The health system is currently still building out its space there, which is expected to be complete by the end of the year. The 1,200-square-foot space will be modeled after Houston Methodist’s Center for Innovation Technology Hub, which is located at its flagship hospital.
The Center for Innovation Technology Hub opened in 2020 to provide a laboratory environment to pilot patient-centered digital health tools, focusing initially on voice technology/natural language processing, wearables and virtual reality. Houston Methodist’s space at the Ion will be a smaller replica of this hub.
The space will be used for networking and informational programming with other companies and entrepreneurs in the Ion. Houston Methodist wants to tap into local talent to help them build digital health tools for its smart hospitals, Michelle Stansbury, the health system’s vice president of innovation and IT applications, said in an interview. She pointed out that since there are many innovative companies emerging in Houston and many forward thinkers who are moving to Texas, the health system saw an opportunity to tap into that instead of solely relying on partnerships with vendors who are based across the country or overseas.
“When you think about digital technology, it’s not industry-agnostic — it’s industry-centric,” Stansbury said. “Every organization is thinking about digital ways to help improve the overall customer experience, whoever their customer, yes. Our ultimate goal at the Ion is to get healthcare into that space, because we believe it is an untapped industry.”
Houston Methodist’s space at the Ion will help the health system determine new ways to utilize digital technology at its eighth smart hospital, which the health system is currently building. Houston Methodist Cypress Hospital is scheduled to open in the first quarter of 2025. Stansbury said the health system is focused on leveraging robotic technology to automate processes at the new hospital, as well as implementing consumer-friendly messaging and payment technology that gives patients the convenience they prefer.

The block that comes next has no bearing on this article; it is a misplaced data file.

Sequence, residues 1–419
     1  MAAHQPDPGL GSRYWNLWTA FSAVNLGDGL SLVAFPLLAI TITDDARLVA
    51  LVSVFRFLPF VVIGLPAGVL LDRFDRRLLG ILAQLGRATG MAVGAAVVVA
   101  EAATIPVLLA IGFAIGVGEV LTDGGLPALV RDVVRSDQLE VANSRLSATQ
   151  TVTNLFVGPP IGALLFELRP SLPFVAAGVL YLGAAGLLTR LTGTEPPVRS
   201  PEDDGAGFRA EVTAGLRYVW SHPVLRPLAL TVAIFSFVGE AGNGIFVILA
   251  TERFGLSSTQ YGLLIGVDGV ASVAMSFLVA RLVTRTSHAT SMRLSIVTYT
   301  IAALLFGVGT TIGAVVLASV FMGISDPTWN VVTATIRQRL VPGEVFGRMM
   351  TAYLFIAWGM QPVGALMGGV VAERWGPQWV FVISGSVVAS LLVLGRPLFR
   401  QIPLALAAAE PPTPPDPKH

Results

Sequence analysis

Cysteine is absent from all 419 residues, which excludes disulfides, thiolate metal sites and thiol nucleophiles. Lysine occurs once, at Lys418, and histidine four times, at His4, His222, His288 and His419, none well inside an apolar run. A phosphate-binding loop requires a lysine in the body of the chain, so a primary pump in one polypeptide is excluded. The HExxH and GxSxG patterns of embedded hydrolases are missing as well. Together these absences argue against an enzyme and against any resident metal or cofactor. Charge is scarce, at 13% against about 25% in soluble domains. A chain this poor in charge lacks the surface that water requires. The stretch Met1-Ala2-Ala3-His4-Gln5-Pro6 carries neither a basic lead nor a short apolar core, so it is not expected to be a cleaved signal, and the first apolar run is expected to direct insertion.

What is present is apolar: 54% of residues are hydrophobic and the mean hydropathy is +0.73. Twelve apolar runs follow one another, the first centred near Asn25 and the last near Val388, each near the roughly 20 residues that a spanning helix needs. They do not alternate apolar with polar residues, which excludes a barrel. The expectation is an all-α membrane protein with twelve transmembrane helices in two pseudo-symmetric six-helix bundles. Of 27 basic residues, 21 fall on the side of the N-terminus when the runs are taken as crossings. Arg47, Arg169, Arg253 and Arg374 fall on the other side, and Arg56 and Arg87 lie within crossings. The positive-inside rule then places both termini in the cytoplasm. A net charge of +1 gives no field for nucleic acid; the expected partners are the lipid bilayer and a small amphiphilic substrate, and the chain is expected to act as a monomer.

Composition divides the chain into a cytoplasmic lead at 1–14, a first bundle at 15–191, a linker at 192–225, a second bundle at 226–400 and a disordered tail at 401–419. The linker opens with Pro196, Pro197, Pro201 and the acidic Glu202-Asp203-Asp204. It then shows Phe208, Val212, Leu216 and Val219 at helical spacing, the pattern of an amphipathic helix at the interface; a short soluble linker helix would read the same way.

Stansbury pointed out a couple key projects the health system has piloted since the its first innovation center opened two years ago.
The first is an ambient listening tool Houston Methodist developed for its physicians and clinics in partnership with Amazon. The tool uses natural language processing to capture all the documentation necessary for an appointment, instantly inputting it into the EHR. It also codes so that when physicians are billing, all they have to do is sign off. The technology is still being piloted but could be rolled out across the system as soon as next year, according to Stansbury.
Houston Methodist and Amazon are also piloting a voice skill for the operating room that will be paired with Amazon’s Alexa. Surgeons and other clinicians in the operating room can use the tool to run through procedural steps — such as administering anesthesia, tourniquet application and bringing up X-rays — all without having to touch a computer. The tool also allows users to confirm to the voice assistant that they have completed each action on their checklist.
Going forward, Stansbury said one of Houston Methodist’s innovation focuses will be partnering with biosensor organizations to see whether wearable technology can be meaningfully instituted in hospitals. Instead of looking at biosensors’ more popular use in home settings, the health system thinks the technology could continually collect patient data that care teams can use to inform more timely and targeted care plans.
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